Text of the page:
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It Ended Before It Began: Criminalizing a Young Brain

Trying to identify those circumstances where an 18- to 25-year-old might fairly be treated as a juvenile, difficult though it may be, should be a priority for a modern society, particularly for non-violent offenders with a low outlook for recidivism.
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Recently, there has been an uptick in neuropsychological research highlighting the differences between the adult and teenage brains. When we distill the output, this research tells us that the teenage brain is an underdeveloped work in progress, particularly in areas relating to impulse control, executive function, and pleasure-seeking behaviors. We now understand that the brain does not reach full maturation until some point in our 20s. This overwhelming research has spurred important new policy discussions surrounding the criminal culpability of adolescents, including the age at which an adolescent should be considered an adult for legal purposes.

These new discussions have moved us in the direction of offering adolescents more legal protections. In 2005, the Supreme Court ended the juvenile death penalty, and in 2012, the Supreme Court prohibited states from imposing mandatory life without parole sentences on defendants under the age of 18, except in the case of murder. As a result of these new policies, rehabilitated adolescents who committed crimes may receive a second chance at life. Despite these advancements, however, there are still far too many injustices in the ways young offenders are treated in the legal system throughout the United States.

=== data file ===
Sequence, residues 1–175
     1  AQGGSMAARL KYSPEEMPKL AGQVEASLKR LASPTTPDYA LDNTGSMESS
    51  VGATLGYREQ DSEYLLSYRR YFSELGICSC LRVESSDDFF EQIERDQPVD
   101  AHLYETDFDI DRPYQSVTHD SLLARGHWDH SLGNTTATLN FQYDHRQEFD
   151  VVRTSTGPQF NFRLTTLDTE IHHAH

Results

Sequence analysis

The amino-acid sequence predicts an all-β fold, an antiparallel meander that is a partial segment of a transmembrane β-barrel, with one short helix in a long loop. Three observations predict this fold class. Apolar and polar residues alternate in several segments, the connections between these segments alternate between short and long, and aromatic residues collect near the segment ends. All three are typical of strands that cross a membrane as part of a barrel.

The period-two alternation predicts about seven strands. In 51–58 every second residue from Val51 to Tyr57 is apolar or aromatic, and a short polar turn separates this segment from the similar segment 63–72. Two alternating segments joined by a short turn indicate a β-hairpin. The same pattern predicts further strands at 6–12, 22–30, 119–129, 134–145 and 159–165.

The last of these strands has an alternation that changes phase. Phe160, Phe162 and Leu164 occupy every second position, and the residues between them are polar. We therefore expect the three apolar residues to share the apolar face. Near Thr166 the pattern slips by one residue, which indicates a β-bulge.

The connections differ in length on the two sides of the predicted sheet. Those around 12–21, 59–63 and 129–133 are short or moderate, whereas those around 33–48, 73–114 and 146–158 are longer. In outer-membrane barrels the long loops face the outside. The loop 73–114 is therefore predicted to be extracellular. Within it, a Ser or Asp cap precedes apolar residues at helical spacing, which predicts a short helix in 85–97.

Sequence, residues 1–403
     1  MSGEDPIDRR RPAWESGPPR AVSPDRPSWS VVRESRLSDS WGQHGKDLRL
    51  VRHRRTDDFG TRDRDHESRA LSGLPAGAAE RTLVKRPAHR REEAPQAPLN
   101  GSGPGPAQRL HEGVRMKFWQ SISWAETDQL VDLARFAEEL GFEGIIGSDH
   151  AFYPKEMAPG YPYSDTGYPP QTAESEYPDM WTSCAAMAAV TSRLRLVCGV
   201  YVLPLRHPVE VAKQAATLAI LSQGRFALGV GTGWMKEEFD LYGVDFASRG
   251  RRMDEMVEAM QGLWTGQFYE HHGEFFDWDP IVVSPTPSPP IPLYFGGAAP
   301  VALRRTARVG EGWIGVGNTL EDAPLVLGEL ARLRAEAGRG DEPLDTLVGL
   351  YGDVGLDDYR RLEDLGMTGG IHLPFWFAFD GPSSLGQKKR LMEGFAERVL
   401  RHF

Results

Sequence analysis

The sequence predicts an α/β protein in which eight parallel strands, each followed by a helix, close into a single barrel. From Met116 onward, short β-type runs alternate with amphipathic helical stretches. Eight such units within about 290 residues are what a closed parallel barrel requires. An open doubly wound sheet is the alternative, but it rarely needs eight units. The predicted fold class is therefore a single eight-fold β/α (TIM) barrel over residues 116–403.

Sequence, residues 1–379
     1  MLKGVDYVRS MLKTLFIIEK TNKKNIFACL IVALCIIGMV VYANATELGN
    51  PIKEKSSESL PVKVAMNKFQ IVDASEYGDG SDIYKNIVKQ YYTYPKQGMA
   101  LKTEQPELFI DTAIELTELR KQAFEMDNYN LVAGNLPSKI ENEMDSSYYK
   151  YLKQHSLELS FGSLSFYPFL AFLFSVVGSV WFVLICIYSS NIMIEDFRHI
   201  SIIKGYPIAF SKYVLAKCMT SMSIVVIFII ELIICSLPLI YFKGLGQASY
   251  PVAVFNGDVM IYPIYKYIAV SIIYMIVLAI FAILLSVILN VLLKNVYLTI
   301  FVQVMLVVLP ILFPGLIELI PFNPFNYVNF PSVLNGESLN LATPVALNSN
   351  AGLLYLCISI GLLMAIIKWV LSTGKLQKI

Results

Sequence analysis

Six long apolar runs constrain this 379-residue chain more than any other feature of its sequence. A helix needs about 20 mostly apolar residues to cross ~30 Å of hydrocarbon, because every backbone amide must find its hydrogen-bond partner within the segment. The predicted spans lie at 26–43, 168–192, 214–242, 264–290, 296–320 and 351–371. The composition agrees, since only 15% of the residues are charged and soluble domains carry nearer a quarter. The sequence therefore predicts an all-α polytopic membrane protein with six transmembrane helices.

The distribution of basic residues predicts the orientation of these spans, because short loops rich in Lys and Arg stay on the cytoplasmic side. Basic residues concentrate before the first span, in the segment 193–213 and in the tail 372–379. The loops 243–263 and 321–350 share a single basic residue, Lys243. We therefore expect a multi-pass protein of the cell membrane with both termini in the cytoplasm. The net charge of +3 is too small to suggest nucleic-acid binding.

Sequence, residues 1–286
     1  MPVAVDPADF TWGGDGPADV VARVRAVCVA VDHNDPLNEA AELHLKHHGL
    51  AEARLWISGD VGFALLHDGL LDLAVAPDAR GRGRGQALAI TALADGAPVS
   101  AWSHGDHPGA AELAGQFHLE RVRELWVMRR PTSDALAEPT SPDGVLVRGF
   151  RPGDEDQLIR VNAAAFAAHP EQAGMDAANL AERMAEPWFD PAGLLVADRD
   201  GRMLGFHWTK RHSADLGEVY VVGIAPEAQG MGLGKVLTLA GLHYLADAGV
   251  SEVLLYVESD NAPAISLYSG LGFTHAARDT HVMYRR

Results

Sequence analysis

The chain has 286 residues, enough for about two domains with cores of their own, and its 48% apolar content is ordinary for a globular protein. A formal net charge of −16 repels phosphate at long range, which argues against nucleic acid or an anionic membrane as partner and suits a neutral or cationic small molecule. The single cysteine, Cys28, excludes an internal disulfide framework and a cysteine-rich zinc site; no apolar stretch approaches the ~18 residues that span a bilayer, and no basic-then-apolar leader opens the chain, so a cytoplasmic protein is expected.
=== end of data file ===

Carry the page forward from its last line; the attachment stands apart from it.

During my training, I worked as a therapist in a residential treatment facility for young adult men, mostly in the 18-26 age group, struggling with substance abuse issues. The program also served as an alternative to incarceration for some who committed crimes involving illegal drugs. In New York, many young adults who commit non-violent crimes are fortunate enough to participate in alternative to incarceration programs where they receive rehabilitative and vocational services enabling them to re-enter society as a productive member.

Unfortunately, many young offenders across the country do not have similar opportunities, and for them, their lives can be effectively derailed before their adult lives can begin. Criminal convictions have long lasting economic and emotional effects on the lives of these offenders, many of whom can be left to feel as if they are outcasts from society. They can struggle to find jobs, which can create a feedback loop to a life of crime. Setting the age of adult responsibility for legal purposes at 18 years of age -- an age at which we are still biologically wired to experiment with risky behavior -- simply may not be just if the brain does not mature until sometime in our 20s.